The United National Party (UNP) yesterday flagged off their Parliamentary Election campaign with little fanfare, and picked an unexpected topic to champion; the economy. It was a surprising choice given that there was little growth post-2015 and much of the reforms that it promised to do remained undone at the end of its administration.
The Government has also made the economy a key pillar in its campaign and this is perhaps why the economy should become a bipartisan topic where both parties should cooperate based on a set of sensible, reform-led policies.
The ‘Yahapalanaya’ Government focused on fiscal consolidation as part of a $ 1.5 billion Extended Fund Facility (EFF) with the International Monetary Fund (IMF). It was the latest in a string of programs that successive Sri Lankan governments have had since Independence, where pledges are given only to be partially implemented or completely broken. At the time the last IMF agreement was entered into in 2016, only one other country (Mongolia) had an arrangement with the IMF in the whole of Asia.
Despite Sri Lanka being part of Asia, which has been part of the fastest growing region in the world for many years, and linked to South Asia that became the fastest growing region, albeit for a short-lived period, it nonetheless continues to face precarious challenges. There was also an IMF program when Prime Minister Mahinda Rajapaksa was President before 2015.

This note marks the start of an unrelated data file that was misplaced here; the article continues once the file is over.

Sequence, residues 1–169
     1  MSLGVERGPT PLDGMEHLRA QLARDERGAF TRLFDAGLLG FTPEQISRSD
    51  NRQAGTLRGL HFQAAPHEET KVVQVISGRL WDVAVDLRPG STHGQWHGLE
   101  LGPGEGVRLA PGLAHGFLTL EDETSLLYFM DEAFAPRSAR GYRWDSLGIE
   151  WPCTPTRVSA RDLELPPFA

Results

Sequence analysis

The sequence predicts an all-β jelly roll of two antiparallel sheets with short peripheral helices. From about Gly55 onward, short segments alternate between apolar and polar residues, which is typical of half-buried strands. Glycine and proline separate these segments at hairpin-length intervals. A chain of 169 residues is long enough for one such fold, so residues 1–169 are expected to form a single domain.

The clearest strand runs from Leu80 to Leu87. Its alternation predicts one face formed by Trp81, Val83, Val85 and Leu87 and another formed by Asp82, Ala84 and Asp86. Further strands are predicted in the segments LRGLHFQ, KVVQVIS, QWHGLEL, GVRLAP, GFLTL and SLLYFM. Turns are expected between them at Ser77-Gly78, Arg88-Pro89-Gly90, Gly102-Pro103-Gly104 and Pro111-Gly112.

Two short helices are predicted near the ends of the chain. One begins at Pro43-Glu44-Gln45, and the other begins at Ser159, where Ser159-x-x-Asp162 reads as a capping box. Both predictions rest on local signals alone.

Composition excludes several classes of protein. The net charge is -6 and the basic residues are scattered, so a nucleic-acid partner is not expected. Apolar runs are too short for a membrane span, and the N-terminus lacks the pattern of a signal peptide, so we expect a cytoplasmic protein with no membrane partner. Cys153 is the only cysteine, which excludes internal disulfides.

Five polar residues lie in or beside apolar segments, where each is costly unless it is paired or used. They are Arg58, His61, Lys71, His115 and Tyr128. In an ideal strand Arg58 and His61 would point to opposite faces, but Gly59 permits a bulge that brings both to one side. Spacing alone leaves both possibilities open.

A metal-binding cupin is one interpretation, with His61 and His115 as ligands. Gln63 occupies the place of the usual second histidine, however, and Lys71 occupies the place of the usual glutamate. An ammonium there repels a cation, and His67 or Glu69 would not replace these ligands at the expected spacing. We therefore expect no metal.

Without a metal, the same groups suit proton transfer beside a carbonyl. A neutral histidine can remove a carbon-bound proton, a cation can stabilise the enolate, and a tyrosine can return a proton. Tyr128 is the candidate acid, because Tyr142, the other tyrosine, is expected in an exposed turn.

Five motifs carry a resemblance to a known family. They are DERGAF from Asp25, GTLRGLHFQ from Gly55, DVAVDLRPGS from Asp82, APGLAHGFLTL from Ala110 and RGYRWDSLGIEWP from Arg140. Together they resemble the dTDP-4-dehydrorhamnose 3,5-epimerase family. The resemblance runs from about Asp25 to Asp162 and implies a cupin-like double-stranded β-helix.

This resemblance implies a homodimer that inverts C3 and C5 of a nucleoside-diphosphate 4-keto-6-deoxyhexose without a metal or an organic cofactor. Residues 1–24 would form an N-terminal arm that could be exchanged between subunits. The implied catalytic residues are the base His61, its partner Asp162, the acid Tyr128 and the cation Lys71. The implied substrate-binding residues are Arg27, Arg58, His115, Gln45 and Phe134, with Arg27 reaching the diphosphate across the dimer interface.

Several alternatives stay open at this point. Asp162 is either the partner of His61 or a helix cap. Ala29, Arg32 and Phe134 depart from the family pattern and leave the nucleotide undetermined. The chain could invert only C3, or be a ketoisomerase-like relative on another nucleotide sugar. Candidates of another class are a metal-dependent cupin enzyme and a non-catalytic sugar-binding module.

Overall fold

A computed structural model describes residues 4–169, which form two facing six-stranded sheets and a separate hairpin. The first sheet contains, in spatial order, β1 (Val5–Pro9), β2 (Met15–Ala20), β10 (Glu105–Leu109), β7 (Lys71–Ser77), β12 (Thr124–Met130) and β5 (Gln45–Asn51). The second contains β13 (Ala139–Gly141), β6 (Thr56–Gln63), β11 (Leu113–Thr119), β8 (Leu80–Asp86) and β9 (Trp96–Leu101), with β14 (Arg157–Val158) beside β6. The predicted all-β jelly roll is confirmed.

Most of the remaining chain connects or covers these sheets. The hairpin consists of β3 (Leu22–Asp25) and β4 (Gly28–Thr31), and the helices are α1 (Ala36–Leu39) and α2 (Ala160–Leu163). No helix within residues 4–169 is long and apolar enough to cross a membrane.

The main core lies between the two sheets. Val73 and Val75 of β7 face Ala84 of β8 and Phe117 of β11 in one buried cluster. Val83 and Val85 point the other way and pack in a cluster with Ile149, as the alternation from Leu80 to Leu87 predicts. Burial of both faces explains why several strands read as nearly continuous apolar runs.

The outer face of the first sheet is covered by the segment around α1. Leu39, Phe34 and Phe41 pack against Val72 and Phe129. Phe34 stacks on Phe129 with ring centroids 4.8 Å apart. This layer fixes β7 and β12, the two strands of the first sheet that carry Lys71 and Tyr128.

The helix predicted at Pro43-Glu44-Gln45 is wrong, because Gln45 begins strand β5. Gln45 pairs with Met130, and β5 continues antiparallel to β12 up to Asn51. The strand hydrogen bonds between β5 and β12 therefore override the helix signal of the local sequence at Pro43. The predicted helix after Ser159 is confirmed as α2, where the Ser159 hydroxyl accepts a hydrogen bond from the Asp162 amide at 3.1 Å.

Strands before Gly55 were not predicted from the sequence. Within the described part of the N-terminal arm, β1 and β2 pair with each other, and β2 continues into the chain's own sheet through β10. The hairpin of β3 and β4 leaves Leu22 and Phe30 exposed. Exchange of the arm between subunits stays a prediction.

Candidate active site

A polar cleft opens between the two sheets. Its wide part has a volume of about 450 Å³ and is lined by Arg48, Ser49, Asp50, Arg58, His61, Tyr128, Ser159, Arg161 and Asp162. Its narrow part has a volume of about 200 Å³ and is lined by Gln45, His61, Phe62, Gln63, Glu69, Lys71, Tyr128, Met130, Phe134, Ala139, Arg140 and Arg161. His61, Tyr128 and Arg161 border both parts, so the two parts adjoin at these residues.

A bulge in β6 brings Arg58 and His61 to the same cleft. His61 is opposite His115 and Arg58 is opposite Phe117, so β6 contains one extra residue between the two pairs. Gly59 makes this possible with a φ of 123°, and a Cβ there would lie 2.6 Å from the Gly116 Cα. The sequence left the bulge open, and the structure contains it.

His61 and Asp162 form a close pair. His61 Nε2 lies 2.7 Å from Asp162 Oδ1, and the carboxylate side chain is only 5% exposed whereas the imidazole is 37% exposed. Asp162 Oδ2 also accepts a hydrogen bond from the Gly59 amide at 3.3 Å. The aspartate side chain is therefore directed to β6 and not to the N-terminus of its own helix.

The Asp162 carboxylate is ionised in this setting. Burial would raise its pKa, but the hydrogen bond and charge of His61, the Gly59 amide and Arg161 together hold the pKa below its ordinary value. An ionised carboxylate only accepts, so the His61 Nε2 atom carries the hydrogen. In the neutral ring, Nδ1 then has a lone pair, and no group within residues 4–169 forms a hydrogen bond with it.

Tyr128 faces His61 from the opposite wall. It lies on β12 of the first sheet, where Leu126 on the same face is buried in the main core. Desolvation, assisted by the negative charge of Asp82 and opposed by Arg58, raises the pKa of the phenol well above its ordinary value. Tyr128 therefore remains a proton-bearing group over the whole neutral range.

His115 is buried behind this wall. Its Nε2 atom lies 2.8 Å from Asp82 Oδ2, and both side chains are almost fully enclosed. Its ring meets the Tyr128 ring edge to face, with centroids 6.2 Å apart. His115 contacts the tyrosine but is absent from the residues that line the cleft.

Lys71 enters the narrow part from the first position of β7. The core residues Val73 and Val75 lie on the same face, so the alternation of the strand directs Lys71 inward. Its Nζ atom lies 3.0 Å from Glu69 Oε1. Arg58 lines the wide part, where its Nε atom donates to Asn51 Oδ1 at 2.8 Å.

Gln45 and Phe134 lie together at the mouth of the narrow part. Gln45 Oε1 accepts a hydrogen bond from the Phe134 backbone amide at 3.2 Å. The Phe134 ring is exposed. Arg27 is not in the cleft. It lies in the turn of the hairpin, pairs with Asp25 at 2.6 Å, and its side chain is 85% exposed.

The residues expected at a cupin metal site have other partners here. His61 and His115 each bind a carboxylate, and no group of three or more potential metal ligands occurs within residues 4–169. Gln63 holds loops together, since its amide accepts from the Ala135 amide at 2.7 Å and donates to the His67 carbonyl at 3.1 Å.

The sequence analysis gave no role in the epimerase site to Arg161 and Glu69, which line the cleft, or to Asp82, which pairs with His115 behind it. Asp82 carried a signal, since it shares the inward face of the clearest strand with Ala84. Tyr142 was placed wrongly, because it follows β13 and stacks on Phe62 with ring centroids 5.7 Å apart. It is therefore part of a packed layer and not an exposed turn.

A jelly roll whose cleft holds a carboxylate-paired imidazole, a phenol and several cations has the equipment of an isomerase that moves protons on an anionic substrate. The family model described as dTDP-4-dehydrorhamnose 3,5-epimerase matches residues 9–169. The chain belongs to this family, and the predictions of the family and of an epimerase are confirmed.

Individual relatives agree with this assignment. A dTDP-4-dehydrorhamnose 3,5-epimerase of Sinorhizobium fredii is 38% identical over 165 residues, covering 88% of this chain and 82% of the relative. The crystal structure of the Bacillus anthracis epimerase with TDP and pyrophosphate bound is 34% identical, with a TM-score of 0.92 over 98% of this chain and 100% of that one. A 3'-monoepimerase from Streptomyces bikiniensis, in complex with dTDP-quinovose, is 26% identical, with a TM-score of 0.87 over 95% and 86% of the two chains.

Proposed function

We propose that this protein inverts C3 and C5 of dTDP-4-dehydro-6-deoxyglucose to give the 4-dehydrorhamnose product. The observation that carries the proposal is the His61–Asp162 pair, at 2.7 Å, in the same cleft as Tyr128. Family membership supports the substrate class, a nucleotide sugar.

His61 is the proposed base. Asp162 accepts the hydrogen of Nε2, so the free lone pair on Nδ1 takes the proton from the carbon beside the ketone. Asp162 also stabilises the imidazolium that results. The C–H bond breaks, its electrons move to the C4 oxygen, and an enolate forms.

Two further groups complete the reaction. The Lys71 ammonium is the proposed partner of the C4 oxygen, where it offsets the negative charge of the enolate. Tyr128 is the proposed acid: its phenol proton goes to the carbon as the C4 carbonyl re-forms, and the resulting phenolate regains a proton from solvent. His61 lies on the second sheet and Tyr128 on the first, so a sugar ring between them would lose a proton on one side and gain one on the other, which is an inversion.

Central Bank Governor Prof. W.D. Lakshman earlier this year went on record at an event hosted by the Ceylon Chamber of Commerce acknowledging the sensitive balance of payments situation faced by the country and conceding that it could well ink another agreement with the IMF provided the terms were favourable.
Since then there have been several reports to indicate that the Government was already in tentative talks to wind up the EFF, which was extended for one year following the constitutional crisis, and enter into a fresh arrangement likely after the Parliamentary Elections and the presentation of a new Budget.
This would actually be sensible. There is nothing wrong in engaging with bilateral and multilateral agencies for the benefit of Sri Lanka, especially given the COVID-19 impact and the country’s serious debt commitments.
However, what is important is staying the course and not having economic agendas turned topsy-turvy with each election cycle or having political parties revamp and present policies they had a whole term to achieve but failed to. This old wine in new bottles policy simply does not meet the aspirations of voters and convinces no one of genuine change.
International rating agencies have warned that Sri Lanka debt to GDP ratio could move past 100% in 2021 and the country desperately needs to create fiscal space, increase trade and promote competitiveness to boost growth and find solutions to its quite serious economic challenges.
Sri Lanka will find ways to pay its debt, as it has always done, but this is not the benchmark anymore. Saddled with a rapidly aging population Sri Lanka needs to find the fiscal space to lift millions of people out of poverty, invest in education and healthcare and ready to take care of an entire generation of elderly people of whom most will be women.
These are weighty tasks that should move beyond partisan politics and petty power games. It would be best for the two main political parties to join together and reach a consensus and support each other in Parliament to achieve economic goals beneficial for Sri Lanka. But this will likely remain a dream.